When formed by using 16-mat memory chips, the stacked memory can be formed to have data bits and ECC bits at any of the ratios 8:1, 4:1 and 2:1. The ECC layer converts its mat address to differentiate the physical position of the ECC layer activated mat 4′ from those of the data layer activated mats 3′. Therefore, data of the memory chips (including ECC) is input/output via different through electrodes for the respective banks. Such data is rearranged into a data row and ECC row by a hub to be described later. In this manner, a stacked memory having ECC bits can be formed.

FIG. 6 shows another configuration example of a stacked memory using 16-mat memory chips. In this configuration example, data layer activated mats 3′ are allocated to mats in a plurality of data layers (3-1 and 3-2) to form one bank.

FIG. 6 shows mat arrangement in a stacked memory having a ratio between data bits and ECC bits of 4:1. Although 16-mat memory chips are used in this example, the quantity of mats is not limited to 16. Memory chips having other quantities of mats may be used to form a stacked memory while allocating data mats to a plurality of data layers.

The stacked memory shown in FIG. 6 is comprised of four data layers 3 (3-1 to 3-4) and one ECC layer 4. As shown in FIG. 6, four mats 11 to 14 are activated as data layer activated mats 3′ and one mat 15 is activated as an ECC layer activated mat 4′. However, among the four data layer activated mats, the mats 11 and 12 are arranged in the data layer 3-1 and the mats 13 and 14 are arranged in the data layer 3-2. In this case as well, the mats are arranged such that the through electrodes of the mats do not compete with each other.

Further, the mat 15 in the ECC layer is located at a different physical position in the memory chip from those of the four mats in the data layer 3, so that their through electrodes will not compete with each other. In this example, address converting information is set in the registers of the data layers 3 to operate the four mats simultaneously. Address converting information is set in the register of the ECC layer 4 to avoid bus competition with the mats for data. When the data layer activated mats are distributed to a plurality of data layers 3 in this manner, the power consumption is dispersed, and the heat distribution can be made uniform in the stacked memory.

Subsequently, description will be made of a memory system having a plurality of stacked memories as described above. FIG. 7 shows a memory system 13 having a plurality of memory blocks 12 mounted on a system board 7. Each memory block 12 is comprised of a stacked memory 11 having a plurality of stacked memory chips 2, an interposer 5, and a hub 6. The interposer 5 connects between the stacked memory 11 and the hub 6. The hub 6 is a memory control chip, which receives a control signal (such as a clock, command, or address) from the outside and receives/outputs data. The hub 6 controls operation of the layers and mats in the stacked memory 11 based on the input control signal. The hub 6 receives and outputs data of the stacked memory via a through electrode. The data exchanged between the stacked memory 11 and the hub 6 is arranged as a data row and ECC row by the hub 6, and exchanged between the hub 6 and an external system.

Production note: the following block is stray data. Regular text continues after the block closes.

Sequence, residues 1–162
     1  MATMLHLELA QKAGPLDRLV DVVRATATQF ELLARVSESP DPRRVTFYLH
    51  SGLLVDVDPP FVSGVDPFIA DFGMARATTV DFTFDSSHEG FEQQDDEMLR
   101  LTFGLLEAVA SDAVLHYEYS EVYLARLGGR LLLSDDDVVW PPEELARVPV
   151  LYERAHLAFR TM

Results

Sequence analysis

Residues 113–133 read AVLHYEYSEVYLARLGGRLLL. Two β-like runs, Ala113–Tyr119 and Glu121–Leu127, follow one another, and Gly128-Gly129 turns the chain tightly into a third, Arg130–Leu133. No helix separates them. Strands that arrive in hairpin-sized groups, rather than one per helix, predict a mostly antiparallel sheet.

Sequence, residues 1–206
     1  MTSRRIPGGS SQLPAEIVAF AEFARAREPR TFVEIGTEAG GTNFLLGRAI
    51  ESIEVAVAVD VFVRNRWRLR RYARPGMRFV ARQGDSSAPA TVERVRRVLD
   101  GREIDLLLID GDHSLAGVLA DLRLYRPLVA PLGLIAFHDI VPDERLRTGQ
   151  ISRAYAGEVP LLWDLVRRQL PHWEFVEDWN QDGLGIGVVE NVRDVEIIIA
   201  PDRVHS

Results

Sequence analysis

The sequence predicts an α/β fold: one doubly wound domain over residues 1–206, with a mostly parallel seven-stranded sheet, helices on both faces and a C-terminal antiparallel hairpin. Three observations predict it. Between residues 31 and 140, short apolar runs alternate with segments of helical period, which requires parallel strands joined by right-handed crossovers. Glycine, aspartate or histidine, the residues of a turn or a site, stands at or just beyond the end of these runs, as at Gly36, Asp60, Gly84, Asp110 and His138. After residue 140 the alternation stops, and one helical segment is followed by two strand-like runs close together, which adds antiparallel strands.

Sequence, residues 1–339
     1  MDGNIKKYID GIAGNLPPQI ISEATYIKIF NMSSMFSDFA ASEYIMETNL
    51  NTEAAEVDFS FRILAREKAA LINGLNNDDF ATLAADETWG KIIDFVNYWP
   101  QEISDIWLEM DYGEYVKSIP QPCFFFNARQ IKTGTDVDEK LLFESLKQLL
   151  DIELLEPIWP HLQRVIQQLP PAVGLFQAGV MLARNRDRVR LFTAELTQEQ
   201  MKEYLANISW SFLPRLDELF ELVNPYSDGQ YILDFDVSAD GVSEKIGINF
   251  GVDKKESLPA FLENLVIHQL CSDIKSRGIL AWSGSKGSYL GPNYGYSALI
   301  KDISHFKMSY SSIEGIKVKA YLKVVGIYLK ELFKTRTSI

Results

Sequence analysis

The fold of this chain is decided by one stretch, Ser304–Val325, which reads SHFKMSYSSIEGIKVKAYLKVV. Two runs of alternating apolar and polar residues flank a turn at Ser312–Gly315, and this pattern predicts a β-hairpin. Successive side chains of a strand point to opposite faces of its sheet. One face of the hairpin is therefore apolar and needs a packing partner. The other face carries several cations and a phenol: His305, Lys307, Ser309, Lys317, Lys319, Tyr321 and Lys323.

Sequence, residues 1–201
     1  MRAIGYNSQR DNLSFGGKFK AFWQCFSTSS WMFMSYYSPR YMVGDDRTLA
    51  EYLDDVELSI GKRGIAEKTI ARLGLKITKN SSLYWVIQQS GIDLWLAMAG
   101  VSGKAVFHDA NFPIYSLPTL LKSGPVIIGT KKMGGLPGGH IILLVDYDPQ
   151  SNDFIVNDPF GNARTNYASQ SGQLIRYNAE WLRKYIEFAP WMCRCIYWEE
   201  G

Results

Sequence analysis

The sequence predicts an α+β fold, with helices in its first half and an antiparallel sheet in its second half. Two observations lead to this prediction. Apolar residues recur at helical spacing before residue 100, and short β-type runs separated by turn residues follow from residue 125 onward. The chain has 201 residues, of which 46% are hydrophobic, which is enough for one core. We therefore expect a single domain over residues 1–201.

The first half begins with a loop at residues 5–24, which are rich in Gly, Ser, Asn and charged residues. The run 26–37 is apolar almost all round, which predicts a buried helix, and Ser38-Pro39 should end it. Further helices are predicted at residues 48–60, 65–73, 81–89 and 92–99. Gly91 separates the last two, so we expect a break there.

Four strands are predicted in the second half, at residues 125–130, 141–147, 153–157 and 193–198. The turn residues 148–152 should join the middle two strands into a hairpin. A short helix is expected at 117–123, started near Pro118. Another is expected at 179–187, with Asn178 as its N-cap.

FIG. 8 shows an example of layout of a memory chip 2 corresponding to FIG. 7.

The memory chip 2 has a memory capacity of 1 Gbits and is composed of 16 mats. The capacity per mat is 64 Mbits and the quantity of data bits (DQ) per mat is 32. The memory chip 2 has an individual command address control system (C/A ctrl) for each mat and is capable of controlling operation of the mats individually. This means that the memory chip 2 defines a unit that receives a control signal from the hub 6 to individually designate control for the layers and mats, and is capable of simultaneously operating them. The memory chip 2 further has a register (not shown), in which the operation mode as the data layer or the ECC layer is set.

FIGS. 9 and 10 respectively show a mat arrangement diagram and an example of operation of a stacked memory formed by using the memory chips shown in FIG. 8 and having a ratio between data bits and ECC bits of 2:1.

The stacked memory shown in FIG. 9 is comprised of two memory chips as data layers 3 (3-1, 3-2) and one memory chip as an ECC layer 4. FIG. 10A is an explanatory diagram showing mat access as an example of operation. FIG. 10B is a time chart for explaining the example of operation.